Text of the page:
Combustion of Fossil Fuels

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Fossil fuel, whether in the form of coal, oil, or natural gas, reacts with oxygen in the air when burned, forming a number of products. In its simplest form, this chemical reaction can be written as:

Fuel + Oxidizer ->Product

Th is reaction always produces heat. Chemical reactions that produce heat are called exothermic reactions. In addition to carbon and hydrogen, fossil fuels may contain oxygen and traces of other elements, such as sulfur and metals, which complicate the combustion. In the present analysis, we assume that all impurities have been removed and the reactions are such that all the fuels are burned to produce carbon dioxide and water vapor.

For example, methane, gasoline, and coal burn in oxygen as:

Methane: CH4+ 2 O2 -> CO2 + 2 H2O
Gasoline: C8H18 + 12.5 O2 -> 8 CO2 + 9 H2O
Coal: C+O2 -> CO2

Such reactions, where the oxidizer is just enough to convert all fuels to carbon dioxide and water vapor, are called stoichiometric. When the reactant mixture has fuel or oxygen in excess of what is required for stoichiometric ratio, the mixture is fuel rich (oxygen lean) or oxygen rich (fuel lean), respectively. If air were used instead of oxygen, the reaction would remain the same except that the nitrogen in the air would appear unburned in the product. For example, the stoichiometric combustion of gasoline in air would be:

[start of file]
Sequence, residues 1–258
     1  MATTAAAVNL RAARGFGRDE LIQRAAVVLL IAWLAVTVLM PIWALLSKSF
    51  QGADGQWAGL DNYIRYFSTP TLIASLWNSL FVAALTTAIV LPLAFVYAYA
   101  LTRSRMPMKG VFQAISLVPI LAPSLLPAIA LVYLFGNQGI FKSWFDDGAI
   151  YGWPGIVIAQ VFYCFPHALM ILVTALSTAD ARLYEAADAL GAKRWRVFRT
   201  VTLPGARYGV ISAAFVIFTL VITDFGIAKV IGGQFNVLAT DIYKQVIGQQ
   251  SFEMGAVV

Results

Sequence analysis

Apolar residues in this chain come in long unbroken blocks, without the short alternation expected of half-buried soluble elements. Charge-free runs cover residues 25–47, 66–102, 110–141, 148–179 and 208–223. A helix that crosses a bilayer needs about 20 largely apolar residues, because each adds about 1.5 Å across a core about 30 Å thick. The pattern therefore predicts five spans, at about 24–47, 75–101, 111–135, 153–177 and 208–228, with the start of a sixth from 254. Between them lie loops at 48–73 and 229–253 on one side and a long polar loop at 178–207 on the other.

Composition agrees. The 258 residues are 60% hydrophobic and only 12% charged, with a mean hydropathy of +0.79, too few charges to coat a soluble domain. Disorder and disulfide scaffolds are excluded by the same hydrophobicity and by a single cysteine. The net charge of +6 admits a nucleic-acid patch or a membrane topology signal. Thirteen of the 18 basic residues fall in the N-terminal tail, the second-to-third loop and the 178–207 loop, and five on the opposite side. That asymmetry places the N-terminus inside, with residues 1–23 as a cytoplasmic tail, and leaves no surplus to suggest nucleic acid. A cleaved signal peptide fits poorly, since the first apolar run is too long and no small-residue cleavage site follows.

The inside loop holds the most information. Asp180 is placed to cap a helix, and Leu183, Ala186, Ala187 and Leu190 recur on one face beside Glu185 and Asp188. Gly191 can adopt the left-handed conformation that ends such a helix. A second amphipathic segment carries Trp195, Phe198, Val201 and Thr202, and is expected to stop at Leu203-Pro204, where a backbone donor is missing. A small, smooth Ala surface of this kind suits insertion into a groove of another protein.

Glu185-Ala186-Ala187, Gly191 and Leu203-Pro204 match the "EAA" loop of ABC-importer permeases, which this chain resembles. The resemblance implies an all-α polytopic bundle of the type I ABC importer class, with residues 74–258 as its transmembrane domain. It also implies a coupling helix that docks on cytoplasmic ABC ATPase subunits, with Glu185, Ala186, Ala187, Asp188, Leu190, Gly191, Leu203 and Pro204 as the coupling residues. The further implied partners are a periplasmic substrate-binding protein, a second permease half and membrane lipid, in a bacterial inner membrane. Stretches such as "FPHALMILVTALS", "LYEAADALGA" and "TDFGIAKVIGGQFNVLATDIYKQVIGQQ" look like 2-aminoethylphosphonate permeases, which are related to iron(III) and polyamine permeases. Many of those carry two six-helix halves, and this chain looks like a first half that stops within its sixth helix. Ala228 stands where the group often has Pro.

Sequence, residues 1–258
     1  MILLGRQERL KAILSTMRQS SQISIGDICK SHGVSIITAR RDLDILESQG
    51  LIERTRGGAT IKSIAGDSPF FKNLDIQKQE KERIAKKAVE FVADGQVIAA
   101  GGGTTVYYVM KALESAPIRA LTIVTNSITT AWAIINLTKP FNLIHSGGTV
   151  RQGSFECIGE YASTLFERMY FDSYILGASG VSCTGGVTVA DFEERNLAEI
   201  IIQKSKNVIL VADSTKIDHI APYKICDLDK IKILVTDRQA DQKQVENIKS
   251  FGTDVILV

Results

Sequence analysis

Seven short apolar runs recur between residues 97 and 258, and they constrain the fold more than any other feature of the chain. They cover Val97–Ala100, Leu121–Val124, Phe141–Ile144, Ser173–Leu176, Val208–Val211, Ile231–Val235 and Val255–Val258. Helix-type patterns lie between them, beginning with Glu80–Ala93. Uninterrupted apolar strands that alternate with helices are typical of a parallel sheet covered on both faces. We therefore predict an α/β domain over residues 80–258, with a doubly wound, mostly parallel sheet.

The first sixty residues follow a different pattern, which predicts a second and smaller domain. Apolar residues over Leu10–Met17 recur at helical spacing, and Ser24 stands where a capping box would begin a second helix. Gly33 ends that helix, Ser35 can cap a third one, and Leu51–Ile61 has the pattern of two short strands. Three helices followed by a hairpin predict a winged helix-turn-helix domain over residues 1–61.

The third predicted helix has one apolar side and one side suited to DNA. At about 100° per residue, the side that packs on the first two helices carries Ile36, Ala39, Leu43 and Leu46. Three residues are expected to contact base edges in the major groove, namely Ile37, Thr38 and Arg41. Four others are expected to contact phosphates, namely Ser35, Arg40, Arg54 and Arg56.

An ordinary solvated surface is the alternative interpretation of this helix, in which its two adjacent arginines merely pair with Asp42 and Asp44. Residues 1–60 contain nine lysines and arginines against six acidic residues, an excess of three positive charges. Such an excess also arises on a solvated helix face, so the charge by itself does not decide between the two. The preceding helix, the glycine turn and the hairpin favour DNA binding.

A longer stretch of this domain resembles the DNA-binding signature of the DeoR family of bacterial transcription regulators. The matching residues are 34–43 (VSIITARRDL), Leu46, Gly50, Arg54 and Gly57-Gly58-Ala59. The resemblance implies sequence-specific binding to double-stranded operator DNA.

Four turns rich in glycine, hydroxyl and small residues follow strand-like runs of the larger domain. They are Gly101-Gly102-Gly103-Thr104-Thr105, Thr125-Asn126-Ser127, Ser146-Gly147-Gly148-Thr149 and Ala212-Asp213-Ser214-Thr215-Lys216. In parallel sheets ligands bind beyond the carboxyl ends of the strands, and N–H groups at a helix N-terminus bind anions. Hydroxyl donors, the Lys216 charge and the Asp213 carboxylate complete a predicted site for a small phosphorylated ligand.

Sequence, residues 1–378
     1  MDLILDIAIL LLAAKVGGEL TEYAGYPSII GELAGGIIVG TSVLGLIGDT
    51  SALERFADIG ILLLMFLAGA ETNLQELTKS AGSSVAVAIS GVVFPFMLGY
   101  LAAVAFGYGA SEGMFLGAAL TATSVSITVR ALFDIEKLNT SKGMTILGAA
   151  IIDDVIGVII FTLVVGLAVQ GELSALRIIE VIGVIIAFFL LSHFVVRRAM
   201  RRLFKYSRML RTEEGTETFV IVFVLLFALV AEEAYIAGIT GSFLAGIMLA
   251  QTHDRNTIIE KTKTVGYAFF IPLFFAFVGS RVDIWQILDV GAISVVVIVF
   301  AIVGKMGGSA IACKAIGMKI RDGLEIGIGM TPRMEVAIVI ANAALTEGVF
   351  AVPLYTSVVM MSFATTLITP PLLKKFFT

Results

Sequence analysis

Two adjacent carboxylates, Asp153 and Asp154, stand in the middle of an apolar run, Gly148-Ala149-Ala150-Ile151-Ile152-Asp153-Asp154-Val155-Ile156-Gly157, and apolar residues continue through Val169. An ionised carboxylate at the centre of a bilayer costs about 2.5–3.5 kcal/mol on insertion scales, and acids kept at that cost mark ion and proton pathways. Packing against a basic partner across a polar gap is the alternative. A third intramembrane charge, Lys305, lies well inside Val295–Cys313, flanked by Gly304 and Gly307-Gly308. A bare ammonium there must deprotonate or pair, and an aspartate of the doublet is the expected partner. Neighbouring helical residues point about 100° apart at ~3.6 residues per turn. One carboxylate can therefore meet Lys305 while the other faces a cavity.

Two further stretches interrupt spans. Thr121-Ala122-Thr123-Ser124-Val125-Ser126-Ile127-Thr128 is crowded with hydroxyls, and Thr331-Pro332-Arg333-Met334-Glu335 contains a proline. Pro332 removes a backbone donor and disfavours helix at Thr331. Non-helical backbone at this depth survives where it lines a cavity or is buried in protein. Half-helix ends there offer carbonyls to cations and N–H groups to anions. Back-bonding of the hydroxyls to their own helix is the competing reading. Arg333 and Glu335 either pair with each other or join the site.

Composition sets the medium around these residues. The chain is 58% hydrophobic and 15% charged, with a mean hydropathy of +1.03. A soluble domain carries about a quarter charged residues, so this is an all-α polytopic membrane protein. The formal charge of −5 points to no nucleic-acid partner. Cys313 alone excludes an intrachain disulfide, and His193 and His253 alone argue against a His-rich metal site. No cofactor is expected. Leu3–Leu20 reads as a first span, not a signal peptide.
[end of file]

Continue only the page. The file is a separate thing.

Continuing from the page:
C8H18+ 12.5 (O2 + 3.76 N2) -> 8 CO2 + 9 H2O +47.0 N2

(Air is a mixture of 1 part oxygen and 3.76 parts nitrogen).

On the mass basis:

114 kg gasoline + 1,716 kg air -> 352 kg carbon dioxide + 162 kg water vapor + 1,316 kg nitrogen


1 kg gasoline + 15.1 kg air -> 3.1 kg carbon dioxide + 1.42 kg water vapor + 11.54 kg nitrogen

Question: As a result of fossil fuel consumption, roughly 6 billion tons of carbon is produced each year. It is estimated from geological evidence that each year about 30 million tons of carbon goes into the formation of new fossil sediments. What is the signifi cance of this data in estimating the lifetime of remaining fossil fuels?

Answer: Th e rate of consumption of fossil fuels is 200 times faster than the rate they are replenished by nature. Th is means fossil fuels are gradually being depleted and must be considered as a nonrenewable source of energy.

Example: Calculate the stoichiometric air to fuel ratio necessary for burning the natural gas in air. Natural gas consists mainly of methane.

Solution: Th e stoichiometric reaction of methane is

CH4+ 2(O2+3.76 N2) CO2 + 2H2O +7.52 N2

16 kg methane+ 275 kg air -> 44 kg carbon dioxide + 36 kg water vapor + 211 kg nitrogen or 1 kg methane+ 17.2 kg air -> 2.75 kg carbon dioxide + 2.25 kg water vapor + 13.2 kg nitrogen